When most people think of dog shows, they think of conformation shows, like Westminster. But there are many other kinds of dog shows besides conformation competitions, though they might not get as much media attention. Two of the most common are agility trials and obedience trials.
Agility trials involve several obstacles in which the dog performs various tasks, including jumping over poles, running through tunnels and weaving through posts. Judges decide what order the dogs must go through each task and show the handlers in advance. Then, without a leash, the handler leads the dog through the course, letting it know where to go next. Meanwhile, the judges time how long it takes the dogs to complete the trial and deduct points for any faults. The judge marks a fault for every second the dog takes in excess of the standard course time or for committing a course penalty. Without faults, a dog will score a perfect 100. Dogs compete in agility trials to advance and earn various titles. Like conformations, these competitions can be specialty, group or all-breed trials [source: AKC].
In obedience trials, dogs must follow exercises by taking commands from their handlers. The AKC regulates these exercises and judges award points based on those regulations. The difficulty of these tasks depends on the level at which the dog is competing. Levels include novice, open and utility. For instance, a dog must be able to follow beside its handler while keeping the same speed, as well as stand and sit for extended periods. More advanced exercises include performing jumps, retrieving items and distinguishing its handler's scent on items. In another task, the dog must obediently follow its handler's hand signals without any verbal cues. Obedience competitions include all-breed obedience trials and specialty trials, and dogs can aspire to various championship titles, the highest being National Obedience Champion [source: AKC].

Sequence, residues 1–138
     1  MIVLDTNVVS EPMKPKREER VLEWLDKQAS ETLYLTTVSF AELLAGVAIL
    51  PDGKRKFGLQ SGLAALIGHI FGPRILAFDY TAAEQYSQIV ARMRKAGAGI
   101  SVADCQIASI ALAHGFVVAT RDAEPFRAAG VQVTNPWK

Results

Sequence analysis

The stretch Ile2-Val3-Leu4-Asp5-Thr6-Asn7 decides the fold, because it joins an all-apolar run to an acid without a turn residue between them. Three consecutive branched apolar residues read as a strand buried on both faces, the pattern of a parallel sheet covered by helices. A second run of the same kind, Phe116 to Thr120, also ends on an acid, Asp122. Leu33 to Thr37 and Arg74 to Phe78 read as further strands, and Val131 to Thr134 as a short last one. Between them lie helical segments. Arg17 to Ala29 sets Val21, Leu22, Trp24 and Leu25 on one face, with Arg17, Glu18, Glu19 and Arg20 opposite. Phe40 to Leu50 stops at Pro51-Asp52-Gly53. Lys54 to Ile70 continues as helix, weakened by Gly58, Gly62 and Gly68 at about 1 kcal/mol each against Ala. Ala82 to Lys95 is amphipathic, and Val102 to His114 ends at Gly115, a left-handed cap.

The AKC also regulates various other kinds of dog competitions, including field tests, lure coursing, hunting tests and herding tests, among others.
Perhaps now that you know more about dog shows, you can impress your friends during the next Westminster show with comments like "That dog is an excellent specimen of the clumber spaniel" and "Did you notice the graceful gait of that Finnish spitz?" To learn more about dogs, including those dog heroes charged with search-and-rescue, guiding and policing duties, investigate the links on the next page.